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Despite beginning his musical career so relatively late in life, Charles Bradley has unarguably made a name for himself as a phenomenal soul and R&B singer. Now in his 60s, Bradley is releasing his second album, Victim of Love. His songs echo iconic soul singers such as James Brown and Otis Redding. Most likely due to his age and life-experiences, Charles Bradley’s voice surpasses barriers of time that would have otherwise hindered a younger singer.
Right off the bat Victim of Love transports the listener back 50 years with the track “Strictly Reserved For You”. The bluesy horns and raspy howl of Bradley not only emulates the heartfelt R&B of the past but also draws inspiration from other genres with the guitar’s squealing solo towards the end of the song.
I couldn’t help bopping along with this CD and tapping my feet with each new track. Bradley’s James Brown-like “UH’s” and the repetition from the background singers paired with the funky guitar riffs makes this album seem like it came straight out of the 60s. His rasp and heartfelt screams definitely justify his nickname of “The Screaming Eagle of Soul.”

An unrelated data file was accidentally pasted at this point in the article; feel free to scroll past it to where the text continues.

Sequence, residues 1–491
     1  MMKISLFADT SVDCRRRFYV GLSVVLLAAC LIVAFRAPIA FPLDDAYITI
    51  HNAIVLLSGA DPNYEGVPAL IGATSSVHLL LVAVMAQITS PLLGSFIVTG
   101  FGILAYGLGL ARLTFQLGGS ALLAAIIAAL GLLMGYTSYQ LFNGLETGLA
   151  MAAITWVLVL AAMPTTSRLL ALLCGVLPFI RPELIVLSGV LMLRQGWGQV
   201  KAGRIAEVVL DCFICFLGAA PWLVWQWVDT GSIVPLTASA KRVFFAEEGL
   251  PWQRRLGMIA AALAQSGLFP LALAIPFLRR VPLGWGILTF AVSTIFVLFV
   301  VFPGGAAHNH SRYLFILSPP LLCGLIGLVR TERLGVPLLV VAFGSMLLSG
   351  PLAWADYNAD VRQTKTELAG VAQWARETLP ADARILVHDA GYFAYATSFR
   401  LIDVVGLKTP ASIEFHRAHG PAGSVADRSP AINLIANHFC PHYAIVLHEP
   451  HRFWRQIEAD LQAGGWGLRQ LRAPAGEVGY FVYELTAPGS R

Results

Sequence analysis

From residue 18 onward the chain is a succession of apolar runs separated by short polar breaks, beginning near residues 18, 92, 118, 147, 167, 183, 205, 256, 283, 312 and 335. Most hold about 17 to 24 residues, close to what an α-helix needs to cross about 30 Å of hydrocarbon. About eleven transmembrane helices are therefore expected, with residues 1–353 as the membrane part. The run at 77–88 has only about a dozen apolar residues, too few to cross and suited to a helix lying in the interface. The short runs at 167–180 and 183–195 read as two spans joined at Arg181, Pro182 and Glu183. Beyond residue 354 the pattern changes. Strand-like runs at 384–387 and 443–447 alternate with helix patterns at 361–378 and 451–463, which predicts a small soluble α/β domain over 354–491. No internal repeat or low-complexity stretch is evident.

Another notable track is the simple and toned-down title track, “Victim of Love”. With the primary instrumentals coming from an acoustic guitar, with occasional input from background singers, maracas, and other percussion, Charles Bradley’s voice takes control of this song and doesn’t let go until the very end. Pleading with his “baby” to “come on home,” Bradley expresses his heartbrokenness of being a “victim of love”.
Beginning his career nearly 10 years ago, Bradley once met and urged his idol, James Brown, to give him a shot. As he recalled in a recent Rolling Stone interview, “I said, ‘James, give me a chance, man.’ He looked me up and down and said, ‘Young man, I can tell you’re a good artist.’” But, being that he was a newcomer, Brown didn’t budge.
An interesting track on Victim of Love is “Confusion”. Beginning with various effects and echoes that one would never assume to be on a soul album, a distorted bass pierces the inaudible fuzz. Bradley’s exclaims of “fear,” “greed” and “confusion” brings with it a drum beat that really gets this track going. Soon, the track resembles somewhere between an experimental jazz song and classic rock tune. The back-and-forth of this song continues with a guitar solo, grunts of “confusion” from Bradley, and a repeating horn groove.
Charles Bradley’s lifelong hardships and troubles not only echo through his voice but also permeate this entire album. It is very refreshing to hear such a classic and seemingly endangered genre come back so strongly on this record. Tracks such as “Where Do We Go From Here”, “Crying In The Chapel”, and “You Put The Flame On It” exemplify what our generation has been missing in terms of soulful and tearfully heartfelt singing.
As Bradley stated, “you’re never too old until you’re in the ground.” His lifelong perseverance and motivation has definitely paid off with this album.